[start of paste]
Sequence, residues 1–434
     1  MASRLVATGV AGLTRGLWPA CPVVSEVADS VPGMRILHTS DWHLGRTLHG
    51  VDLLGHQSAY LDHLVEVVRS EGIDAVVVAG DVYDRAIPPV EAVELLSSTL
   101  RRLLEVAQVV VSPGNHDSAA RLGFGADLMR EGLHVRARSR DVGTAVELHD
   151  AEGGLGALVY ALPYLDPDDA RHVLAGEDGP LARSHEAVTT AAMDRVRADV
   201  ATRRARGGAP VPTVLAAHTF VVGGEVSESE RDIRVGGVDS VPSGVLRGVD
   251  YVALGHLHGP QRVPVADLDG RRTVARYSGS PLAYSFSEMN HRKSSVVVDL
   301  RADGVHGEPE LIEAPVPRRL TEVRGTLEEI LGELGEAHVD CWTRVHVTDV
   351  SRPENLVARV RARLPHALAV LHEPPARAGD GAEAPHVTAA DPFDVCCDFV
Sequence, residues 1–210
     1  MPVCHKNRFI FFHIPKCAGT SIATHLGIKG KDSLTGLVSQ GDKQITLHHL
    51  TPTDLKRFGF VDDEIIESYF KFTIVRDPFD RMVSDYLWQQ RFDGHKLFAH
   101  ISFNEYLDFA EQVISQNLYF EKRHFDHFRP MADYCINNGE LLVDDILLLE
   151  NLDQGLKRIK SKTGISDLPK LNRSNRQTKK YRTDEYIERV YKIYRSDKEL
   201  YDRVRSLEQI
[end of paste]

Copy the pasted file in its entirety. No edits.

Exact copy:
Sequence, residues 1–434
     1  MASRLVATGV AGLTRGLWPA CPVVSEVADS VPGMRILHTS DWHLGRTLHG
    51  VDLLGHQSAY LDHLVEVVRS EGIDAVVVAG DVYDRAIPPV EAVELLSSTL
   101  RRLLEVAQVV VSPGNHDSAA RLGFGADLMR EGLHVRARSR DVGTAVELHD
   151  AEGGLGALVY ALPYLDPDDA RHVLAGEDGP LARSHEAVTT AAMDRVRADV
   201  ATRRARGGAP VPTVLAAHTF VVGGEVSESE RDIRVGGVDS VPSGVLRGVD
   251  YVALGHLHGP QRVPVADLDG RRTVARYSGS PLAYSFSEMN HRKSSVVVDL
   301  RADGVHGEPE LIEAPVPRRL TEVRGTLEEI LGELGEAHVD CWTRVHVTDV
   351  SRPENLVARV RARLPHALAV LHEPPARAGD GAEAPHVTAA DPFDVCCDFV
Sequence, residues 1–210
     1  MPVCHKNRFI FFHIPKCAGT SIATHLGIKG KDSLTGLVSQ GDKQITLHHL
    51  TPTDLKRFGF VDDEIIESYF KFTIVRDPFD RMVSDYLWQQ RFDGHKLFAH
   101  ISFNEYLDFA EQVISQNLYF EKRHFDHFRP MADYCINNGE LLVDDILLLE
   151  NLDQGLKRIK SKTGISDLPK LNRSNRQTKK YRTDEYIERV YKIYRSDKEL
   201  YDRVRSLEQI